The reported discovery of the De Loys’ Ape by Swiss Zoologist Francois De Loys in 1920 is just one of many unknown primate claims made over the years. South American forest natives often claim encounters with large monkeys. These elusive creatures have been known by many names for many centuries . Natives commonly referred to a “mono grande”, or king monkey, also known as “mono rey.” Pedro Cieza, a Spanish explorer claimed to have seen large apes referred to as “marimondas” in 1533; Dr. Edward Bancroft witnessed 5 ft apes referred to as “didi” in 1769; and Alexander von Humbolt recorded stories of “salvaje” or hairy ape men between 1799 and 1804. These anecdotal sightings along with one lone picture have kept the controversy surrounding De Loys’ Ape alive for nearly 100 years.
Sighting of the De Loys’ Ape
Swiss geologist Francois De Loys and his crew were among the numerous Europeans taken to Venezuela by oil companies to prospect the vast oil reserves. During the expedition, his group was ambushed by two threatening creatures that resembled apes. De Loys’ men shot one of the creatures while the other one escaped. Marveling at the unique appearance of the primate, they decided to take a photo of it. The ape corpse was sat on a crate with its head propped using a stick placed under its chin. After the photo was taken, the creature was skinned in order to prepare the skeleton for transportation. Unfortunately, the hardships of de Loys’ expedition resulted in the loss of all his equipment and specimen, including the creature’s remains. Only the photograph was saved, though it was enough to cause a sensation.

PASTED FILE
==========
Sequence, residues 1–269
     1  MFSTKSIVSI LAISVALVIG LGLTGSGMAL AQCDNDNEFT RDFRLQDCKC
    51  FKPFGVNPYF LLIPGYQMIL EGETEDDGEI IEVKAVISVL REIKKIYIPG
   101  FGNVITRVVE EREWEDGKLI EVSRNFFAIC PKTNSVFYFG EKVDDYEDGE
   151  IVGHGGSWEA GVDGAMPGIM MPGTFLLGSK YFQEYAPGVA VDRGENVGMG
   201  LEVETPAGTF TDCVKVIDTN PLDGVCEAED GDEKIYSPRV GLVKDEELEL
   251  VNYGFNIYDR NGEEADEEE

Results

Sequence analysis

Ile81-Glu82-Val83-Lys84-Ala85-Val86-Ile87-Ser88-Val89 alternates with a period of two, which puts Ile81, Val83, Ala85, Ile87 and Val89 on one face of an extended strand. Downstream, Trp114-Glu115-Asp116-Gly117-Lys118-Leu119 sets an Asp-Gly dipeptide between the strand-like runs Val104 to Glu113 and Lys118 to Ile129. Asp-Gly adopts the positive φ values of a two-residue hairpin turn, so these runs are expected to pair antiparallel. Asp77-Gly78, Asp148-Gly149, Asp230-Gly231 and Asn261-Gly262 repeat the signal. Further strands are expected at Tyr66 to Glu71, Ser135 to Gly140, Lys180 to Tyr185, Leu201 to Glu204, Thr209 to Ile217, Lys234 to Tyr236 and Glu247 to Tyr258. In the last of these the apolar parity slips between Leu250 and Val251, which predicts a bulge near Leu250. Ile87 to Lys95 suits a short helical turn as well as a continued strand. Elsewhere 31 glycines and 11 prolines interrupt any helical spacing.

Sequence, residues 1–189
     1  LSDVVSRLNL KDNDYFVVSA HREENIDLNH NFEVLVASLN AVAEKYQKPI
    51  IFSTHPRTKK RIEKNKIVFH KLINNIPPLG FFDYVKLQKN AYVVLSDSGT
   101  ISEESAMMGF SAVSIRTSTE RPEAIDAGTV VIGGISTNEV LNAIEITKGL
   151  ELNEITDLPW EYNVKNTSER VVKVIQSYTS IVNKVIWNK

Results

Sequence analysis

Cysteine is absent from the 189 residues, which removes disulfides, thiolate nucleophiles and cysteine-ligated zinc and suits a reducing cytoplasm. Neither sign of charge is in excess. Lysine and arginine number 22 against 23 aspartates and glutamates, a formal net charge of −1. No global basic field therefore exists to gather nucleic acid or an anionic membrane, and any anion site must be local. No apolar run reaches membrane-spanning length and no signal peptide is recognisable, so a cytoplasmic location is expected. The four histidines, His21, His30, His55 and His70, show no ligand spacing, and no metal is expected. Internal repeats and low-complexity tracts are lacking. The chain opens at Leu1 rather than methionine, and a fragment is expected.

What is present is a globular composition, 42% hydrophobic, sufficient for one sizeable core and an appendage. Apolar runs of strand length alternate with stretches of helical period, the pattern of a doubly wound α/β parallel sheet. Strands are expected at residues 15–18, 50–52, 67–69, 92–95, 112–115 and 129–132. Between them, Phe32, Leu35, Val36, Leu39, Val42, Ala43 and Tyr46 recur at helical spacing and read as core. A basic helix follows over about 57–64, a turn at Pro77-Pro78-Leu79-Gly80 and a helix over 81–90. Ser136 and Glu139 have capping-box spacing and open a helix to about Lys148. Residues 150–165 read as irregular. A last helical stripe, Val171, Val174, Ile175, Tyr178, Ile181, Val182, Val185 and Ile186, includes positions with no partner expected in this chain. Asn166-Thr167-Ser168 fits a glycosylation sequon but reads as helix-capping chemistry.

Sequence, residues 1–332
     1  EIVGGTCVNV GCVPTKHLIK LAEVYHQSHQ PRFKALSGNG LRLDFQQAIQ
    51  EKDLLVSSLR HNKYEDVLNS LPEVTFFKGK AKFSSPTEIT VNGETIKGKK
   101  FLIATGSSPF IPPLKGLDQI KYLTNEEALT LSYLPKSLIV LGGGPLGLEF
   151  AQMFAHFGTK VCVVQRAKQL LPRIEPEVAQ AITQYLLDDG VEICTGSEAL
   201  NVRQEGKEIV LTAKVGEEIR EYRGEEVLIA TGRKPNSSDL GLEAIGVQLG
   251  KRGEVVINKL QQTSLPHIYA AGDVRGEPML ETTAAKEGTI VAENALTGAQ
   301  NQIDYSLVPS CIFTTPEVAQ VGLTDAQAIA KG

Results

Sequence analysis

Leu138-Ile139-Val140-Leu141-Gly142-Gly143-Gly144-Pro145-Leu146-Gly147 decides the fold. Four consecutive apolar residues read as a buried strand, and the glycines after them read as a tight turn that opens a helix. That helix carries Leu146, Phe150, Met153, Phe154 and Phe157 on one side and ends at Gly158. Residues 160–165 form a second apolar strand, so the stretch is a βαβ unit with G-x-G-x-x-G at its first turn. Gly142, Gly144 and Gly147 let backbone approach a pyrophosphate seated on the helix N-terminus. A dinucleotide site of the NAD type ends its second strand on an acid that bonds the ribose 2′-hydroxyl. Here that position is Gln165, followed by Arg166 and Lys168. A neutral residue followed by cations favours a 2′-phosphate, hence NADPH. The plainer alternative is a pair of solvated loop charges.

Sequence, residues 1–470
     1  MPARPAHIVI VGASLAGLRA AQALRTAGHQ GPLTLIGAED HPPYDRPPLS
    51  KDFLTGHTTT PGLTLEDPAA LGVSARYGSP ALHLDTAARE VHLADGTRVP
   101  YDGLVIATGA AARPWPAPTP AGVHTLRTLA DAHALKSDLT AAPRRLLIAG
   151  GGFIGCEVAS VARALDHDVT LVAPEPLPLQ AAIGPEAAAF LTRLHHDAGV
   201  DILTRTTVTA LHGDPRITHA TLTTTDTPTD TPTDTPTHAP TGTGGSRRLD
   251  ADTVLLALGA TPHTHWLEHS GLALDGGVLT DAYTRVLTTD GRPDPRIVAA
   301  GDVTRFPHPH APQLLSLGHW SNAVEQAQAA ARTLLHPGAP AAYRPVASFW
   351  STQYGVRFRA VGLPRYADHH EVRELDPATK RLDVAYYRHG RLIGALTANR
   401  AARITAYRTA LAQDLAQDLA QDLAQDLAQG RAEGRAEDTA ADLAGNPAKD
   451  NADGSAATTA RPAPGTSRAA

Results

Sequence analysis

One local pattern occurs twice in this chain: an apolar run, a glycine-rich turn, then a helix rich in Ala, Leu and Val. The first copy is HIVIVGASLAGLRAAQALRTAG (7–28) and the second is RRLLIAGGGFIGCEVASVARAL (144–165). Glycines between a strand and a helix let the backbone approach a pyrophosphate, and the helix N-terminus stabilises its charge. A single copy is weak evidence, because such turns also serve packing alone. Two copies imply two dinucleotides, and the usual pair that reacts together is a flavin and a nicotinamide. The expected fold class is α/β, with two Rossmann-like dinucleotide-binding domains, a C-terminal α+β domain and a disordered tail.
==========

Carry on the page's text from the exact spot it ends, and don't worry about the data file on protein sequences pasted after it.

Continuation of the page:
Description of De Loys’ Ape
The apelike South American primate was given the scientific name “Ameranthropoides Loysi” by George Montandon in 1929, while Arthur Keith proposed that it be called “Ateles Loysi”. Scientists claim that it is an unknown species of primate that walks bipedally in the jungles of South America. Its physical appearance resembles that of a monkey but lacks a tail like the apes.
Based on the single photograph of the creature that was saved during the expedition, it was determined that the primate was around 5 feet tall. This was established from the fact that the creature was set on a Standard Oil Company packing crate that was known to have a standard size. In addition, the creature was described as having a thick coat comprising long grayish-brown fur and an oval face with a developed forehead. There was also an indication of a triangular pale pigment patch on the forehead, and round ridges around the eye sockets. It had a flat nose with flared nostrils and a strong jaw with thirty two teeth, which contradicts the typical thirty six in platyrrhine monkeys in South America. An examination of the creature revealed that it did not have a tail, which is an attribute of great apes as opposed to monkeys. Other distinct features include its broad shoulders, flat chest, sturdy arms, monkey like hands with long fingers, vestigial thumbs and long toes.